by Bill McBride on 2/07/2013 03:08:00 PM
Thursday, February 07, 2013
I rarely mention consumer credit, but the amount of credit outstanding has been steadily increasing as is normal in a recovery. This is OK if the borrowers can repay the debt, unfortunately much of the recent increase has been related to student loans - and student loan defaults are increasing.
From the Fed:
Consumer credit increased at a seasonally adjusted annual rate of 6-1/2 percent during the fourth quarter. Revolving credit was little changed, while nonrevolving credit increased at an annual rate of 9-1/2 percent. In December, consumer credit increased at an annual rate of 6-1/4 percent.Consumer credit increased $14.6 billion in December, with nonrevolving credit increasing $18.2 billion (this includes auto, student and other loans).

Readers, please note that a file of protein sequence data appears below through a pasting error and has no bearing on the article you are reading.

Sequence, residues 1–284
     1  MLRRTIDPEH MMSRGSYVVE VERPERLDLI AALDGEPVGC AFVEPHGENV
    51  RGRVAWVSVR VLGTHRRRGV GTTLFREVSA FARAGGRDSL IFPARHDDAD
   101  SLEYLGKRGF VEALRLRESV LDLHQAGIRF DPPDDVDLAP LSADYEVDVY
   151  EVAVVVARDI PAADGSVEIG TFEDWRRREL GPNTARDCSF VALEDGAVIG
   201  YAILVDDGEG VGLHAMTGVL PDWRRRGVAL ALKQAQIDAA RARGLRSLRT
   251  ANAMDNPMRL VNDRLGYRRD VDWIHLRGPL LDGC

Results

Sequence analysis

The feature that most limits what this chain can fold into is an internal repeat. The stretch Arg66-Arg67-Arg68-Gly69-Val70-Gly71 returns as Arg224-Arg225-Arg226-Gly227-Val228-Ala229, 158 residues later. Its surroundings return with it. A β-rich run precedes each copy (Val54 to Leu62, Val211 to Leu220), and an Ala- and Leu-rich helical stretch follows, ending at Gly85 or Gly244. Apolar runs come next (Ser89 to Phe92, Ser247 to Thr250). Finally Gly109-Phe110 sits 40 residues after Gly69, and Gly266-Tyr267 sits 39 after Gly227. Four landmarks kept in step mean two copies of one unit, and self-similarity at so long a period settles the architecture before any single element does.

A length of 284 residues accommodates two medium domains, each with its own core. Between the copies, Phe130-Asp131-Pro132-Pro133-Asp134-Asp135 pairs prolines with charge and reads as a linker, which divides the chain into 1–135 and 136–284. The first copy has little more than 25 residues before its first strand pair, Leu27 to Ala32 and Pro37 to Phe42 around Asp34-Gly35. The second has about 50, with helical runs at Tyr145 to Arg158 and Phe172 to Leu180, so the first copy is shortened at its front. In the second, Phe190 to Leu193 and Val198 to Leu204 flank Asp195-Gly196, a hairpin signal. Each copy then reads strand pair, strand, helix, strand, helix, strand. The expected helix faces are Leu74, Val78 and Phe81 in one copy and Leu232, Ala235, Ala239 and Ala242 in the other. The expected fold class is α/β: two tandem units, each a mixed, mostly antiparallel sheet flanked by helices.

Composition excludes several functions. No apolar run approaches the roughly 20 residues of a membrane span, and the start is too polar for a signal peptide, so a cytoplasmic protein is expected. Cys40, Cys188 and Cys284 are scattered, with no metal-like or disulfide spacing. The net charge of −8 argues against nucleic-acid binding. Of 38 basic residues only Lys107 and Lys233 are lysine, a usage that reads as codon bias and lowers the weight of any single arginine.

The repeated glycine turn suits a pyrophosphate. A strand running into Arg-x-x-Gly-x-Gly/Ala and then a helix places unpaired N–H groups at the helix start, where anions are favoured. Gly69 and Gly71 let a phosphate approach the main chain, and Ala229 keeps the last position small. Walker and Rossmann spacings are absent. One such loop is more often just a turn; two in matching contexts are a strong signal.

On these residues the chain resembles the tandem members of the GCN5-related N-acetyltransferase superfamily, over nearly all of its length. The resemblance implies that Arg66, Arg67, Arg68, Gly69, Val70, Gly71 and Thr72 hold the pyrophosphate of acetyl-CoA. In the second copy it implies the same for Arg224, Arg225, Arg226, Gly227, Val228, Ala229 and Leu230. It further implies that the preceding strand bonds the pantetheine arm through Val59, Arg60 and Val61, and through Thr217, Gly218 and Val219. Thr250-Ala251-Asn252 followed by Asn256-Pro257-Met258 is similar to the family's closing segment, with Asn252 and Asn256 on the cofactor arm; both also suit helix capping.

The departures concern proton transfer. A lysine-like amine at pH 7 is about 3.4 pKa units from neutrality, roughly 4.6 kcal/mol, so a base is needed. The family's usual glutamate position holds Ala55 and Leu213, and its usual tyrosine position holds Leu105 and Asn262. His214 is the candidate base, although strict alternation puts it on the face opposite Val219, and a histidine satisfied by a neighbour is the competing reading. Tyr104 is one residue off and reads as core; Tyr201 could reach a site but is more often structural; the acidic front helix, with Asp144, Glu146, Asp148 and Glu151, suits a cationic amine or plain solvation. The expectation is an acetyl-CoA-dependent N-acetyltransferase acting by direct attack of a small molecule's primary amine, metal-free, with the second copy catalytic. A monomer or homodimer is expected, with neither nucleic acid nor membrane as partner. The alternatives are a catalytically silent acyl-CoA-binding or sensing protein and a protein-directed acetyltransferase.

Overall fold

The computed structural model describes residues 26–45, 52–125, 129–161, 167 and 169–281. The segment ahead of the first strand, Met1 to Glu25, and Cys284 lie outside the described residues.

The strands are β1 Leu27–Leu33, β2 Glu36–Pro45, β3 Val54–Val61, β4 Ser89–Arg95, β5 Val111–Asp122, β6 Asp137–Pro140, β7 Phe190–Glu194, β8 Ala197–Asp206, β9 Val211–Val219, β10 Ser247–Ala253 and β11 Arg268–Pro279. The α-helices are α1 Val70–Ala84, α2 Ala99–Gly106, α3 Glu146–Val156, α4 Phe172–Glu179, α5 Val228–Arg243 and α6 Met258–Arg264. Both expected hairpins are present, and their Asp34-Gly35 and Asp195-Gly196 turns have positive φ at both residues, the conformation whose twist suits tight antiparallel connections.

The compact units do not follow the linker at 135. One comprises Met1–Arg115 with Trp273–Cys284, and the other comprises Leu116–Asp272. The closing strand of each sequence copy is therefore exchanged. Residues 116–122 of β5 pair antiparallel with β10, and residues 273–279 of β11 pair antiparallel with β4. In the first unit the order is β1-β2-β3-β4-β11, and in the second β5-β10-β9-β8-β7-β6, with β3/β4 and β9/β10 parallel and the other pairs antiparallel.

Also, talking about credit, from Fed Governor Jeremy Stein: Overheating in Credit Markets: Origins, Measurement, and Policy Responses
The question I'd like to address today is this: What factors lead to overheating episodes in credit markets? In other words, why do we periodically observe credit booms, times during which lending standards appear to become lax and which tend to be followed by low returns on credit instruments relative to other asset classes? We have seen how such episodes can sometimes have adverse effects on the financial system and the broader economy, and the hope would be that a better understanding of the causes can be helpful both in identifying emerging problems on a timely basis and in thinking about appropriate policy responses.This is an important topic.